The host of The Guilty Feminist sits down with Lisa Brenner, the star and producer of her first movie, to talk ageism, Hamilton and why women really love rom-coms.
At this point in her career, it’s difficult to know exactly how to describe Deborah Frances-White. Polymath, maybe. Renaissance woman. One-woman supergroup. A comedian, actor, corporate coach, broadcaster, author and the host of smash-hit podcast The Guilty Feminist, Frances-White is now adding another string to her (already very well-strung) bow: screenwriter.
Frances-White’s first feature film, Say My Name, is a screwball comedy that tells the story of Mary Page, a fast-talking enigma whose one-night stand with gentle divorcee Statton gets cut short by an armed robbery. As Mary and her comically mismatched conquest careen around a fictional Welsh island called South Mouse attempting to retrieve their stolen belongings, they’re forced to reckon with each other – and themselves.
Filmed on location in Wales, the movie is raucous, hilarious and unexpectedly poignant. Much of this comes down to Frances-White’s fast-paced, razor-sharp script, but it is Lisa Brenner’s performance as charismatic, clever Mary that makes the film sing. Brenner also produced the film, temporarily relocating from her home in Los Angeles to Wales for the duration of the shoot.
On a Monday afternoon in late March, Stylist sat down with Frances-White and Brenner in a London hotel room as they discussed the making of Say My Name, Hollywood ageism and why most women don’t karate-chop their way out of trouble.
Deborah: We should probably start by talking about how we met. You know, if I hadn’t been running late for Hamilton, I would never have met you.
Lisa: I didn’t know this!
Deborah: Yeah. So I first saw Hamilton thanks to a friend who went to school with Leslie Odom Jr [who played Aaron Burr in the musical’s original Broadway production]. I went along thinking: this is a hip-hop musical about the founding fathers, it sounds like something you’d see a group of schoolkids do at the Edinburgh Festival. Obviously I was blown away, and the next time I was in New York, I was desperate to see it again.
The problem was, we could only get tickets for a performance on the same day we were meant to fly back to the UK. So my friend Meg, who is married to Jay Stern [the director of Say My Name], offered to sit with our suitcases in a café near the theatre so we could see Hamilton, run out, grab our bags and get a taxi to the airport.
When we were in the taxi, Meg told me Jay was looking for a script to direct. If we hadn’t had that conversation I wouldn’t have sent him the script for Say My Name, and the film wouldn’t have happened.
Lisa: That’s amazing. Oddly enough, Hamilton is why I wanted to produce this movie too.
Deborah: What?! This is crazy. Tell me more…
Lisa: I saw Hamilton too, and afterwards I went into a serious depression [laughs]. I went to dinner with my mum and said, ‘What the hell am I doing with my life?’ You know, I’m a working actress in the States, but at my age…
Deborah: It’s like, what am I making? What am I creating?
Lisa: Exactly. I could never make something like Hamilton, and the artistry of the show made me really question what I was doing with my life.
Deborah: I had been trying to make a movie for honestly a decade in the UK before Say My Name. I sold a script that I wrote with two other brilliant women writers to Fox Searchlight over 10 years ago. The other writers told me it usually takes 10 years to see a script on screen after selling it, and I was like, ‘Pssh.’ But there were 11 years, almost to the day, between selling that script and making Say My Name.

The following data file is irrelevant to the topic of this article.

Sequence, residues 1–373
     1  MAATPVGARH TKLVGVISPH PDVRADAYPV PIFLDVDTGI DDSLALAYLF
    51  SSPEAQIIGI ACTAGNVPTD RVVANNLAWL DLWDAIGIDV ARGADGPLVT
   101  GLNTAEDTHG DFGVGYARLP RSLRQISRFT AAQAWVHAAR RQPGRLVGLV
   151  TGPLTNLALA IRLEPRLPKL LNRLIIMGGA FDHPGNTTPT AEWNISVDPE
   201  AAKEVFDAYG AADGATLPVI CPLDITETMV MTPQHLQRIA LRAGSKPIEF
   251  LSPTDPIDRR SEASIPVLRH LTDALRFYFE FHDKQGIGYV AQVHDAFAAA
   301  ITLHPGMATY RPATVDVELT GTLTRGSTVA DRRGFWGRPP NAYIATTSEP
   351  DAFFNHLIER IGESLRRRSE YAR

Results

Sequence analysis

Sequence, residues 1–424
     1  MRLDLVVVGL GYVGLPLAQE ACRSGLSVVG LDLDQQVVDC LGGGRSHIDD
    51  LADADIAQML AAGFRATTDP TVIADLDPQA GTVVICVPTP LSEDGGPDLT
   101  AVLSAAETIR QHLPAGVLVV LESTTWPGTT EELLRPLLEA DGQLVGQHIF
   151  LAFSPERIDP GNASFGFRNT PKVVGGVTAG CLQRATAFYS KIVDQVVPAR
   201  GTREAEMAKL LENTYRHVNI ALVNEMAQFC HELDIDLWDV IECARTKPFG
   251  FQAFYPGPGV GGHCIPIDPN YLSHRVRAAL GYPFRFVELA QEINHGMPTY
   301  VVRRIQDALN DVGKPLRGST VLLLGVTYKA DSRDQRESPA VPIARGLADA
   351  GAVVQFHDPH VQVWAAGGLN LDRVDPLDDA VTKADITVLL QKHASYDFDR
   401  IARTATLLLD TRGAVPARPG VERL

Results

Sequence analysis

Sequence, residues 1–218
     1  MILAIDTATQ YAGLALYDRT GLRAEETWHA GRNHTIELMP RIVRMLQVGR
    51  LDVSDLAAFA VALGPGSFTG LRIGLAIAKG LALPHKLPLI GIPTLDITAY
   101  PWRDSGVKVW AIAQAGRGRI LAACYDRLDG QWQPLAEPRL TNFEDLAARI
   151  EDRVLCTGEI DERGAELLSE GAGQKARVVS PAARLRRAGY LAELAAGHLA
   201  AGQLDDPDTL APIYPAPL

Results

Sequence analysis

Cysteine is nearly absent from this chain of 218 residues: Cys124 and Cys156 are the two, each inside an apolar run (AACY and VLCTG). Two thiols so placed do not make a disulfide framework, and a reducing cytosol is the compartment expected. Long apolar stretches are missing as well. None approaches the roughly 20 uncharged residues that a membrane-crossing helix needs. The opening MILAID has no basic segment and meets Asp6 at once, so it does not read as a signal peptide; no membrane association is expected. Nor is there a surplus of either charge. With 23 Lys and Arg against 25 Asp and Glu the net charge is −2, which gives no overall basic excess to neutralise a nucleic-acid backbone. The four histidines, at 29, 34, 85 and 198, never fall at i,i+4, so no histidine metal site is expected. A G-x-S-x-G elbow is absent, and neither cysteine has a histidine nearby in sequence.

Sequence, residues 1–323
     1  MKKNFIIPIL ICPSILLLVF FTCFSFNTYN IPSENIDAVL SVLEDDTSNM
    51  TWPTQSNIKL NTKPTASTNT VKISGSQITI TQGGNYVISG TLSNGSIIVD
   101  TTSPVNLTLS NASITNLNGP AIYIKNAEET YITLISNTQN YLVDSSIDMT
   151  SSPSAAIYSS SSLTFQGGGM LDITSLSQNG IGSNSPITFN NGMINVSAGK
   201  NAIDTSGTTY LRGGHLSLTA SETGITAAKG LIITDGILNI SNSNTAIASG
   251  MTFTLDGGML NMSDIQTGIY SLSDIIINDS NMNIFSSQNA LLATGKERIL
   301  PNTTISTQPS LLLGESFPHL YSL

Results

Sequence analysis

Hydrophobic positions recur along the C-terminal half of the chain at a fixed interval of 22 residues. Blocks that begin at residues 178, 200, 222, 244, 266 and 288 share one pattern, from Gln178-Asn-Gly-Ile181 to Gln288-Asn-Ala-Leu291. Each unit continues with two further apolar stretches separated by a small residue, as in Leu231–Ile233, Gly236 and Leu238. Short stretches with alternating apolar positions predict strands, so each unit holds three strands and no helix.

It taught me that you have to keep going. You have to keep writing, you have to keep reinventing the same scripts over and over. This is the first script I wrote on my own, and so many men promised to make it over the years. They… did not make it.
Lisa: Empty promises.
Deborah: You were the first women to come on board as a producer. I think there’s a new wave of female-driven cinema, because women in Hollywood are just sick of playing victims or mums or mums who are victims.
Lisa: For actresses in Hollywood, unless you’re a huge star like Meryl Streep, all the roles go away when you reach 40. The only parts left are the friends or the crying mother. I auditioned for a huge movie that’s shooting now, and in each scene all I had to say to my daughter was: “Are you OK? Are you sure you’re OK? I’m worried about you.” That’s all the male writer could think a mother in her 40s would have to say.
It got to the point where I had to take the script to my acting coach and ask them to help me say it without laughing, because it was just ridiculous.
Deborah: I always say that if people listened to the woman in most films, there’d be no plot, because she’s always trying to kill the story. The classic wife or girlfriend character is like, ‘Don’t go out, Jeff, there’s a plot outside! There’s no need for a plot in here, it’s nice and warm and safe.’
Even in sitcoms like Family Guy, the mum’s always like, ‘No, we can’t have a petting zoo and a trampoline and fireworks for the kid’s birthday, THINGS will happen!’ And the father’s like [puts on dopey voice]: ‘But I’ve already booked the trampoline.’
So Lisa, you were looking for a proactive female hero. And I was really fascinated by your approach. You said, ‘I’d like to start shooting 1 August.’ Now, I’ve had a lot of movies nearly made, so when I heard that, I thought: OK, we’ll start in January or never. But then you actually started shooting on 1 August. I was amazed by that. I thought, it takes a proactive female hero to make a film with a proactive female hero.
Lisa: Oh, thank you. I’ve found with producing that if you start waiting for people, it never happens. But it was also because I’m a mother of two girls, and they’re on their summer holiday in August.
Deborah: What was your first impression of the script?
Lisa: My first impression was: this is going to be so much fun on set. It was laugh-out-loud funny and action-packed and I couldn’t put it down. To me, that’s the number one thing you want in a script. I also loved the fact that the movie opens with a sex scene. To be able to play the romantic lead – and the lead, full stop – as an actress in her 40s was special.